The United Nation Convention to Combat Desertification (UNCCD) which was adopted in 1994 is one of the three Rio Conventions (the others being UNFCCC and CBD). Germany is not only member of the UNCCD (with BMZ as focal point) but also hosts the secretariat of the UNCCD, which is based in Bonn. The GIZ sector project to combat desertification (CCD) has been supporting BMZ since 1995 in its role as host, and by giving advice on all issues related to desertification, land degradation and sustainable land management. Since 2011, the CCD project also hosts the secretariat of the Economics of Land Degradation (ELD) Initiative.
The role and mandate of UNCCD is to promote sustainable land management (SLM) and to fight land degradation in drylands (desertification). Especially for Africa, the focus on drylands has been important, given that about 50 per cent of its landmass are drylands. About 65 per cent of African agricultural land is already degraded to some degree, affecting at least 485 million people.
However, land degradation as a global problem has come to be recognised increasingly – culminating in its inclusion in many of the goals of the 2030 Agenda for Sustainable Development and especially its target 15.3, quoting “By 2030, combat desertification, restore degraded land and soil, including land affected by desertification, drought and floods, and strive to achieve a land degradation-neutral world”.
The 12th Conference of the Parties (COP) of UNCCD took place in October in Ankara, Turkey, with about 4.000 participants. During two weeks, 23 decisions were negotiated and adopted. In general, it can be stated the decisions taken will increase the political relevance of the UNCCD considerably.
Common target: Land Degradation Neutrality
For the first time, UNCCD has agreed upon a common target – land degradation neutrality (LDN) – and the parties have recognised the role UNCCD will be able to play for global environmental and development policy processes. The commonly adopted universal definition of LDN reads: Land degradation neutrality is a state whereby the amount and quality of land resources necessary to support ecosystem functions and services and enhance food security remain stable or increase within specified temporal and spatial scales and ecosystems. Member countries of UNCCD should now engage in the formulation of voluntary national targets for LDN and in their implementation. Commissioned by BMZ, the GIZ CCD project engages in piloting LDN implementation in Namibia and potentially also Costa Rica.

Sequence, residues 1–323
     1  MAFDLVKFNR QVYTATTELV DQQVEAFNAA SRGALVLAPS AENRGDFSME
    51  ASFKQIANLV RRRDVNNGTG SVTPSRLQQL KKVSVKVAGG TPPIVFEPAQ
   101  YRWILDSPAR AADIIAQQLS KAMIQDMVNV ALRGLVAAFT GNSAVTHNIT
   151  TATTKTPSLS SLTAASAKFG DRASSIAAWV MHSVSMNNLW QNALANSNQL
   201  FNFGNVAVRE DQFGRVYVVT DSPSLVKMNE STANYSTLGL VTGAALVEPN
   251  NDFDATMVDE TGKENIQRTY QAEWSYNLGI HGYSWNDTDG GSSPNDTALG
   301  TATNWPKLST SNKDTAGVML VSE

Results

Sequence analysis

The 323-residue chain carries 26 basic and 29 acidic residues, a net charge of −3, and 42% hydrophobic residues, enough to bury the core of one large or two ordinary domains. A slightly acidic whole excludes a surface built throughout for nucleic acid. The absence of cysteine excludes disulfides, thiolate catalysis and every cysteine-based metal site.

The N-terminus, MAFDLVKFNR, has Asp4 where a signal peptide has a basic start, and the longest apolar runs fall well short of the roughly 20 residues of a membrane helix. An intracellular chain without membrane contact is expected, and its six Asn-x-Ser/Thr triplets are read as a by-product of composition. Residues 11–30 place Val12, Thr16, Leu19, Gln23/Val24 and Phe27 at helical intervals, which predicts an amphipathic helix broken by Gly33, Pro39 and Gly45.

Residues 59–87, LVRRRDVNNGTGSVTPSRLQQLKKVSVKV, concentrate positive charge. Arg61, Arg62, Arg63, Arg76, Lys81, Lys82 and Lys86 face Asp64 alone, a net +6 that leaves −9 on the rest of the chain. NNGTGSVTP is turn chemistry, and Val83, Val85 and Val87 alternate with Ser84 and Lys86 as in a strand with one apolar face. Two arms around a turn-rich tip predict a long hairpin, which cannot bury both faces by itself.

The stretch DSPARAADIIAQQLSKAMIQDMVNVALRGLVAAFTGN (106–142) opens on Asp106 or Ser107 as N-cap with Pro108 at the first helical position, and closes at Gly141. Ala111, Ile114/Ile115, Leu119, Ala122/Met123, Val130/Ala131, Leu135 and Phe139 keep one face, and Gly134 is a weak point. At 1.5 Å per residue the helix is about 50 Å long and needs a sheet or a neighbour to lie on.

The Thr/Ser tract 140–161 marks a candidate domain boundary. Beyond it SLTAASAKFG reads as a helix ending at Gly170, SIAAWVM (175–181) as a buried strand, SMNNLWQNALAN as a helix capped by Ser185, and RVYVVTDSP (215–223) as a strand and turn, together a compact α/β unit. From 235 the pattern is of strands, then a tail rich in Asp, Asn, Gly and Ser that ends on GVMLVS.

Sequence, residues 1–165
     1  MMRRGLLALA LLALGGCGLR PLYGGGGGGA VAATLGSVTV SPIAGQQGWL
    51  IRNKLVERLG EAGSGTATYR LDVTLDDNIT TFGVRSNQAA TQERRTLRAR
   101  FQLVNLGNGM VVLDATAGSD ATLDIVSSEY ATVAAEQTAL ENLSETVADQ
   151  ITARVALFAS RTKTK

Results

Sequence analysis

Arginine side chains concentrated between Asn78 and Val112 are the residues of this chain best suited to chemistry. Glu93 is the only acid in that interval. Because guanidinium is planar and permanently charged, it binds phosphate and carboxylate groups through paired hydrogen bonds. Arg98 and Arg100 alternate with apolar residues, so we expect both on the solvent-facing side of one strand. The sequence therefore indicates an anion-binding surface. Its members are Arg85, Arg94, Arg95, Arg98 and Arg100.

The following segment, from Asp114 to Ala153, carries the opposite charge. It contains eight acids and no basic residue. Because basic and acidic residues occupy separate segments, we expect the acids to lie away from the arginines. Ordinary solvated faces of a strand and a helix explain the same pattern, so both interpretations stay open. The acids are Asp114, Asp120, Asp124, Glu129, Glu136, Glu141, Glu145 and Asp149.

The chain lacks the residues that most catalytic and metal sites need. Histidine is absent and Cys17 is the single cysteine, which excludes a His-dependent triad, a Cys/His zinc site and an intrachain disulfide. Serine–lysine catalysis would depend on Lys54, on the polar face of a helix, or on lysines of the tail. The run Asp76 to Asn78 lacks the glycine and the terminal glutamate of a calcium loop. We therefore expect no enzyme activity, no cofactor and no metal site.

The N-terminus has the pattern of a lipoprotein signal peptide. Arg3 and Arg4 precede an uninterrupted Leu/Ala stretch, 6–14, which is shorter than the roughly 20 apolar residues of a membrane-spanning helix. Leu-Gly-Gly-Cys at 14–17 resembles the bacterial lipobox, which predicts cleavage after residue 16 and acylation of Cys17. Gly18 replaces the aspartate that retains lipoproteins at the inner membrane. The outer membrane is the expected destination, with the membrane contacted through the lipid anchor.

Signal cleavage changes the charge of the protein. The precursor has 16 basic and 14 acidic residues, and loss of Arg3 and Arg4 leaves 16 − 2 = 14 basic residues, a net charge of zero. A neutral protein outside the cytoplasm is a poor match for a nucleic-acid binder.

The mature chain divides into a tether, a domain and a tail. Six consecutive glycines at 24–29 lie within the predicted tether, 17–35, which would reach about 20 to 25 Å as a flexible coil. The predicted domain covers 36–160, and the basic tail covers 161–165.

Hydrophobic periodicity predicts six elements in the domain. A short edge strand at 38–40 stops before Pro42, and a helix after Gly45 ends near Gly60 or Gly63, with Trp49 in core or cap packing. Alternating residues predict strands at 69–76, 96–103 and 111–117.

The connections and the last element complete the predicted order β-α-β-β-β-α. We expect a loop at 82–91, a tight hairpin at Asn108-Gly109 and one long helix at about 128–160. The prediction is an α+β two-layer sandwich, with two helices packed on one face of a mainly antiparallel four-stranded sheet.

Synergies of the Rio Conventions
The COP-12 decisions also strengthen the synergies between the conventions UNFCCC, CBD and UNCCD. While it is quite obvious that there is a nexus between land based mitigation and adaptation, biodiversity conservation, sustainable land management and land rehabilitation, the practical implementation of the conventions’ synergies have been lacking behind. In Ankara, great potential for intensifying the cooperation between the three convention secretariats was seen, among others, in the utilisation of common land based indicators, such as trends in land cover, trends in land productivity and trends in carbon stocks above and below ground. Also, leveraging climate finance funding for activities related to SLM and land rehabilitation will be targeted by the UNCCD secretariat.
Scientific advice to UNCCD
In order to improve the scientific knowledge-base for political decision-making at national and international scale, UNCCD had formed a Science-Policy Interface (SPI) in 2013. Some structural and format improvements to increase the efficiency of scientific advice to UNCCD were adopted, as well as an ambitious work programme for the next two years. The key work areas of the SPI will consist in underpinning the implementation of national voluntary LDN targets scientifically, and further exploring the contribution of sustainable land management and rehabilitation to climate change adaptation and mitigation.